Yesterday returning from our walk at Rye Harbour we took a slight detour to drive through the village of Winchelsea and decided that it was a place well worth visiting. So off we head today.
There is parking besides the road close to the public conveniences, which is of course convenient. We walk by the church and pub and carry on straight over the crossroads. There are many fine houses in this village, but rather than stop and look around we need to press on and get walking. At a junction we turn left to follow a footpath along a road leading to the A259, which we cross and follow the path opposite to the site on an old windmill.
This was where St Leonard’s Mill stood until blown down in the Great Storm of 1987. The site information board explains that the windmill stood on the site of the Saxon church of St Leonard’s. Around the church was the village of Ilham, which pre-dated Winchelsea. The National Trust now owns the site and surrounding fields. There are stunning views from here. Whilst travelling we are constantly amazed by the knockout beauty of the British Countryside.
We follow the footpath downhill and then continue on the Brede levels besides the River Brede. This is nice easy going and it is a cracking afternoon for a wander around.
We then have to cross a stile to reach the railway line, “Stop, Look, Listen!” and then after crossing the line we have to climb another stile. The footpath to Icklesham then turns right meaning yet another stile to access the railway line, “Stop, Look and Listen!” and we cross. The stiles are of a type requiring the dogs to be lifted over. We had overtaken a lone walker who now passes us as we tackle the stiles. Once back on the level we soon pass him again. The bears in the field across the ditch take an interest in the dogs, but fortunately the ditch prevents them from reaching us.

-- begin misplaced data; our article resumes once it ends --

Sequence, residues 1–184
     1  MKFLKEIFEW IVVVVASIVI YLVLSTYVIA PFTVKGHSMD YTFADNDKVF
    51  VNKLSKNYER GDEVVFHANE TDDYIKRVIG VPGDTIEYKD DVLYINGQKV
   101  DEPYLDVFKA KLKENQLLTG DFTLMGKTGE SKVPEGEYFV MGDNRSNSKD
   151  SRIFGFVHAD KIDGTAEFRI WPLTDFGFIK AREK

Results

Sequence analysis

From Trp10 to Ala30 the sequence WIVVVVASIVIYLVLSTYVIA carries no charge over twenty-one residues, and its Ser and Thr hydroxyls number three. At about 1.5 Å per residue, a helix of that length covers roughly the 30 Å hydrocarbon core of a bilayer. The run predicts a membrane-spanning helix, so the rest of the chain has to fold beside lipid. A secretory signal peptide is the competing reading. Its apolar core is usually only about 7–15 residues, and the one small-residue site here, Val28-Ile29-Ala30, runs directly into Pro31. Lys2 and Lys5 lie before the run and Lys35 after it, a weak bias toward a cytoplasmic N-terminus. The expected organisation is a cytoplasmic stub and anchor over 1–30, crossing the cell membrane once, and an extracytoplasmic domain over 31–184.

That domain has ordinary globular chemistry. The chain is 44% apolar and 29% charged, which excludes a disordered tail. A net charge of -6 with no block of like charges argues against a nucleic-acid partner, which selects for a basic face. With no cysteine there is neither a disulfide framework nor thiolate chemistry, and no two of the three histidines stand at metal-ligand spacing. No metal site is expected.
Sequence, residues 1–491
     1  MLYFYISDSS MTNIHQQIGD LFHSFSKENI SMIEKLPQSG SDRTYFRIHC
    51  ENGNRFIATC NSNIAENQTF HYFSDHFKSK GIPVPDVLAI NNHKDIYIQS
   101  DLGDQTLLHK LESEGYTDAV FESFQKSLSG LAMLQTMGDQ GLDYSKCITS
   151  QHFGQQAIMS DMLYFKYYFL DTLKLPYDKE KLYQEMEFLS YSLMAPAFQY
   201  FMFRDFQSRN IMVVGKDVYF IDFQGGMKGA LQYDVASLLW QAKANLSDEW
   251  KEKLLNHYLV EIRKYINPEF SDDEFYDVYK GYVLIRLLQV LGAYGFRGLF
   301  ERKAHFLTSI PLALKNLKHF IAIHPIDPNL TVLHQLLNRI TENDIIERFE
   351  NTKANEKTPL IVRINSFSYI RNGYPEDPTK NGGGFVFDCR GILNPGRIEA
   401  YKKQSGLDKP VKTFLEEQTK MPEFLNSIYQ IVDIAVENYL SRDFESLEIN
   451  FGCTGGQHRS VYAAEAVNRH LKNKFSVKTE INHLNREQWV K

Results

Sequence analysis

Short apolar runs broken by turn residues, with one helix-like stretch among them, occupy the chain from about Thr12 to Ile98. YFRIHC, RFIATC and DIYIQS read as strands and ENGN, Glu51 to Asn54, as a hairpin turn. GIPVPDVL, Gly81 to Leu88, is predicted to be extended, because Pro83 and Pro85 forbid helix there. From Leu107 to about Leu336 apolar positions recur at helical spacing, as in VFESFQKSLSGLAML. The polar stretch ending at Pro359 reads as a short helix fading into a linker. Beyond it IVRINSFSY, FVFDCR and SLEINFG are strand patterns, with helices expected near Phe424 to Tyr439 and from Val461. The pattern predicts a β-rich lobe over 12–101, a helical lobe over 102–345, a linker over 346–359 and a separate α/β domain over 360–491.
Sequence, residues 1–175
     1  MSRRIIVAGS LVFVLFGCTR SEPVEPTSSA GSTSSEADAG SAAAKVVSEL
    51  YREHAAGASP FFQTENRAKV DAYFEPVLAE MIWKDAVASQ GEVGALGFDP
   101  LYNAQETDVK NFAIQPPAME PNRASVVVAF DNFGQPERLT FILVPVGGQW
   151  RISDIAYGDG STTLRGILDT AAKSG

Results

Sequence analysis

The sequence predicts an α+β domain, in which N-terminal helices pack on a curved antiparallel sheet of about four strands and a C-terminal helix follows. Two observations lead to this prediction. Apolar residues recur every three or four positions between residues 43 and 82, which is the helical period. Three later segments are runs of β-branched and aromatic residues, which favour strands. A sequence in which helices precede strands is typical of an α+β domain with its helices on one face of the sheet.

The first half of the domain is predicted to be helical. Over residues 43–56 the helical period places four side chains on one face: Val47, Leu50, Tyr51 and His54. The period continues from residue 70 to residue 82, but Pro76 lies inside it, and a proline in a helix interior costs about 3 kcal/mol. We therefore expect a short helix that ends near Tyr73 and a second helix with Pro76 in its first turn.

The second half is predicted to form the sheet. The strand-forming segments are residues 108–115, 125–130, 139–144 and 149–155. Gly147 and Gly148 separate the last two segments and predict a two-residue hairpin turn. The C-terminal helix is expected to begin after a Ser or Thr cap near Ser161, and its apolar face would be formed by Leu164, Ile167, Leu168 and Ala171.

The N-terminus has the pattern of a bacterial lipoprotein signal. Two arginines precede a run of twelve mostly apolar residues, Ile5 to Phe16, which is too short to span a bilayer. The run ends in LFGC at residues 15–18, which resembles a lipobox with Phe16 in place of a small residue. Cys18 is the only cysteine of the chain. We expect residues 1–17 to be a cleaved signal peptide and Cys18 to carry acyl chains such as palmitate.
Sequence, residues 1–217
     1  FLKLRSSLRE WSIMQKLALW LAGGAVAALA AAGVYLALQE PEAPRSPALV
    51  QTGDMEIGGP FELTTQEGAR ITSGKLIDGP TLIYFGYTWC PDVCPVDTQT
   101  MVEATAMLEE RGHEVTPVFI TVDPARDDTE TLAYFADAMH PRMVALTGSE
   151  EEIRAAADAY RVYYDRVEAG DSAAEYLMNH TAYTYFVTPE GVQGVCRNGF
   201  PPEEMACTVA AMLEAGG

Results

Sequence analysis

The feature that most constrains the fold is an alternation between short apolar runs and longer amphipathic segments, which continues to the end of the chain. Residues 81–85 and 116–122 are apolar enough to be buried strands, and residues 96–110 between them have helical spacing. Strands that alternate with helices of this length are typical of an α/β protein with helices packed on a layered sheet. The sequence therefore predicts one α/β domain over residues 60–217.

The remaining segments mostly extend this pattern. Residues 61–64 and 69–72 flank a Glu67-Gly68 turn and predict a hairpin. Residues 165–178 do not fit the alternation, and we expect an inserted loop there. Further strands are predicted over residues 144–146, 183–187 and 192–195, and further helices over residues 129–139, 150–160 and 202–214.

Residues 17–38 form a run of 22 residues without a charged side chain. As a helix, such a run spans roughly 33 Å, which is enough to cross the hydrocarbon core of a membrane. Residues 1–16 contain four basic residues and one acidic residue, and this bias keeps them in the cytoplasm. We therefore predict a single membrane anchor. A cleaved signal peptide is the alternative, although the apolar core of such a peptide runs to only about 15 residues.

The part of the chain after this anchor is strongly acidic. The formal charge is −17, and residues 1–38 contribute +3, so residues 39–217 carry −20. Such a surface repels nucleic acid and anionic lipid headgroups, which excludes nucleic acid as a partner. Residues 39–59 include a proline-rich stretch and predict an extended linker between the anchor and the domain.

As the path starts to climb a hill it forks and we go right to rise steadily to reach the village through the car park of the Queens Head. We turn right along the lane and end up following a fenced path through houses. I apologise to Lynnie as it isn’t the most interesting stretch of walking, but we agree that there is always the potential to find something interesting around the corner.
Around the corner is the A259! Parked beside the road the walker, we passed earlier, is popping his boots into the back of his car. He enquires as to where we are heading, then proceeds to give us directions telling us the interesting things to see along the way.
We follow the A259 east for a few hundred yards and then take a lane on the right and soon follow a footpath on the left that leads through the churchyard of All Saints Church. We are following the 1066 Country Walk route, with clear way markers.
We soon pass a field with a stone circle, oddly it is not marked on the Ordnance Survey map, later searches of the internet suggest that this is not an original circle but has recently been constructed.
We continue along the 1066 path to a windmill. This is Hogg Hill Mill; a post mill apparently first built at Pett in 1781 and then moved to Icklesham in 1790 where it was used until 1920. It is now owned by Sir Paul McCartney and houses his recording studio. Personally I was never a great fan of The Beatles, I liked the odd song but much preferred The Monkees and given the opportunity can clear a room with my Karaoke rendition of “I’m a believer”, once heard never forgotten!
The 1066 Country Walk joins a lane briefly before crossing fields to Wickham Manor. This is a fine 16th century farmhouse, which was once the home of William Penn the founder of Pennsylvania. The National Trust now own the manor and surrounding 750 acres.
Passing the manor we get views of The New Gate across the field. This was one of three town gates, forming part of the town’s wall defences, that guarded Winchelsea and was built around 1330, although it has since been altered.